Natural Materials I – Horn

Posted by: on Aug 3, 2011 | No Comments

I write a lot about specific brands and products, but it really all begins with the fine natural materials that are the foundation to any good garment or accessory.  To get the ball rolling, let’s take a look at horn.

People have been using animal horn for thousands of years and in every corner of the globe.  A particular region in India, Orissa, has a rich mystical tradition built around horn-craft totems and objects, and the Romans certainly loved their drinking horns.  Whatever animals were available were used, and the different natural properties created great variations between regions.

Nowadays most horn-craft you encounter comes from ram, buffalo, or cow.  The names are a bit misleading though – buffalo horn is from Water Buffalo and cow horn is from wild cows or oxen, since domesticated breeds have had their horns bred out of them to prevent injuries in stock yards and dairies.  Some people would lump mother-of-pearl and deer antler in with horn, but they really are substantially different.  The British company Abbeyhorn has a great primer on the various types of horn they use and what makes each unique, so I won’t bore you by repeating it here.

The place we’re probably all most used to seeing horn is as buttons for coats, trousers, or what-have-you.  Horn buttons, with their translucent, flecked appearance, nice weight, and soft or glossy finish are a much more attractive alternative to dull plastic.  Not to mention they’re less prone to scratching and chipping, and come in just about every color from dusty ivory to nearly ebony.

But there are a variety of other uses for horn.  As you can see from the diagram, horn is dense and solid at the tip, but becomes thinner and more hollow as it gets wider (and closer to where the skull would be).  By cutting lengthwise along the grain, and then heating and twisting the cross-section until straight-ish you get a natural shoe-horn.  Hence where the term comes from.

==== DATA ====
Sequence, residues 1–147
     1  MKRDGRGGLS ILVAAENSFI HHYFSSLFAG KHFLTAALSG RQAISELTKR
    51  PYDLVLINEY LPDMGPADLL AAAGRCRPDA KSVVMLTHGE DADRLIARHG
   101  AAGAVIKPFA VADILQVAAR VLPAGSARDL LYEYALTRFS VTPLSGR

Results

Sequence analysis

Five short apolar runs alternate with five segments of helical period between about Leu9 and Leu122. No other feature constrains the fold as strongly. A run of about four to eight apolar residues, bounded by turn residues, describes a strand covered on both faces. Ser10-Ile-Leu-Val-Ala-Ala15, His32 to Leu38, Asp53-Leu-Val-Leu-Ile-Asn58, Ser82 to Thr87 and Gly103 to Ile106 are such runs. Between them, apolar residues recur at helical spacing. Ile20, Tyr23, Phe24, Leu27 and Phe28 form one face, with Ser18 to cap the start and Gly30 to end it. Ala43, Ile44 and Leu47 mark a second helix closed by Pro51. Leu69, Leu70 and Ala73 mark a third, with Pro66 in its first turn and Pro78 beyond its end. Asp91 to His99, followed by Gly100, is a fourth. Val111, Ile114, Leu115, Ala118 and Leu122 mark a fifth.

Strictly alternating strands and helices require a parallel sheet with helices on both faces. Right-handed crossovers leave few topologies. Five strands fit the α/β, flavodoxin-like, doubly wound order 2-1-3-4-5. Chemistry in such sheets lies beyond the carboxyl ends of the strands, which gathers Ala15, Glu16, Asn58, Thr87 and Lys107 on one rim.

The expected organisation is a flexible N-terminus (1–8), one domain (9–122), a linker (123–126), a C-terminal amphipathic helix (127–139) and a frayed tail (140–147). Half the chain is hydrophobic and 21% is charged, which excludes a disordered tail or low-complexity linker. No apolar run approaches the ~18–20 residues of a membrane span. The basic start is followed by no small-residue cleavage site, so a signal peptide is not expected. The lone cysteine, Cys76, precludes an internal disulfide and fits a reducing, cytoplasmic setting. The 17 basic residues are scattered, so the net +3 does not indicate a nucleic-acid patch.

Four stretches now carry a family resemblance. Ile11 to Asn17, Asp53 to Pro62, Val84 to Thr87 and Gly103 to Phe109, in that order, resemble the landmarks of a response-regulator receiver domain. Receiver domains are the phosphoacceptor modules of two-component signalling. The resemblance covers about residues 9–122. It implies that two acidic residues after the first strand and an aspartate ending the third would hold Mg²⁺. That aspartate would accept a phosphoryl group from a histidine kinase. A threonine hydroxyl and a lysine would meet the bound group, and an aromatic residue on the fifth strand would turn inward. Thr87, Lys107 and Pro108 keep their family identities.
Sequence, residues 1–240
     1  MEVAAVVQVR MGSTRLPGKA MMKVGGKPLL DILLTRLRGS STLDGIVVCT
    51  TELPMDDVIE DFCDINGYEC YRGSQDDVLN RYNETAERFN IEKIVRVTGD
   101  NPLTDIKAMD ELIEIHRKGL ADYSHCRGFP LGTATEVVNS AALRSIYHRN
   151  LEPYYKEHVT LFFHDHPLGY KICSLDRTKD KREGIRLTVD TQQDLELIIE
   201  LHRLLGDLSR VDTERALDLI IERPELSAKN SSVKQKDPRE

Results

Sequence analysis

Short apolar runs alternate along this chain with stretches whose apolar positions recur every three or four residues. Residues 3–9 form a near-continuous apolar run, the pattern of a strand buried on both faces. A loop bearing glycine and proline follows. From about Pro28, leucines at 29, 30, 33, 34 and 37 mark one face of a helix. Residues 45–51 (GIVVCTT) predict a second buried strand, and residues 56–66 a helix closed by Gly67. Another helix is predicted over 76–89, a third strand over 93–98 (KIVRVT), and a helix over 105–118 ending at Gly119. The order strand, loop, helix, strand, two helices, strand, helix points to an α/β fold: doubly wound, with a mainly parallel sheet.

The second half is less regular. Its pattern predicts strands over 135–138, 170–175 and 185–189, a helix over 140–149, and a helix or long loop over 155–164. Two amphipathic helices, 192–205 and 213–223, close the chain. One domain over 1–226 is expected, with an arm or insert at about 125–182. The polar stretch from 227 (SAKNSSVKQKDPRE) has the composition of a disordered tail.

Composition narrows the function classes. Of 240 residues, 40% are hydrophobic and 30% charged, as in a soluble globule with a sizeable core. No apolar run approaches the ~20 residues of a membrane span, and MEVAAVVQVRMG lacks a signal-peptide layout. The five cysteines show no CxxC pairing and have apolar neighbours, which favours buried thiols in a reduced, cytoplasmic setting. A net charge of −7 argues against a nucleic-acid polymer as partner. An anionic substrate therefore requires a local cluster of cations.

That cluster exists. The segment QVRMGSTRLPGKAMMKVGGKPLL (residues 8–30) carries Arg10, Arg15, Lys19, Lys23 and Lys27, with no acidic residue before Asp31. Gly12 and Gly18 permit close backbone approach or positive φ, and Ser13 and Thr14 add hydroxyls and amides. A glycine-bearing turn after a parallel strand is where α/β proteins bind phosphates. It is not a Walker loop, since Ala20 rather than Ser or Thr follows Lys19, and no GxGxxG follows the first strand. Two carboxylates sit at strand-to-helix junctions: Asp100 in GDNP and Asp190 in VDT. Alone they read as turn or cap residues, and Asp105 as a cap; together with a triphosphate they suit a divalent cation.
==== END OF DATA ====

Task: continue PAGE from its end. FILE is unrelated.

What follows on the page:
Through various combinations of cutting, heating, and bending, you can make everything from combs to bowls to handles for sticks and furniture.  The material is keratin-based, so not unlike our fingernails, and can be polished to varying degrees of shine depending on the application.  These days the raw material is exclusively a byproduct of the meat industry and natural deaths (as long as you buy from reputable sources), so you don’t have to worry about the ethical qualms associated with materials like ivory and tortoise shell.


Abbeyhorn is the predominant maker of widely-available horn-craft, and supplies many of the top brands and haberdashers with their house-branded goods.  The shoe horn pictured above is from The Hanger Project, though I suspect the skilled artisans to whom it’s attributed are those chaps from Cumbria I just mentioned.

As long as they don’t sit in a damp, warm environ, your horn goods should maintain their shape and only get better with time.  You can see that comb has warped a bit from the humidity of a small bathroom, but the semi-gloss finish has only gotten deeper and better from contact with the body’s natural oils.

For me though, the horn holy grail is a pair of specs from E.B. Meyrowitz in London.  Light plays off them in a way you can’t begin to believe without trying them on.  Glasses are really the perfect application for horn when you think about it – the more you wear them the more their color becomes your hair and skin’s doing, they’re light, tactile, and beautiful, and they become more yours every moment they’re on your face.  In short, everything that makes us love horn in the first place.

Thanks to Abbeyhorn for the above diagram.

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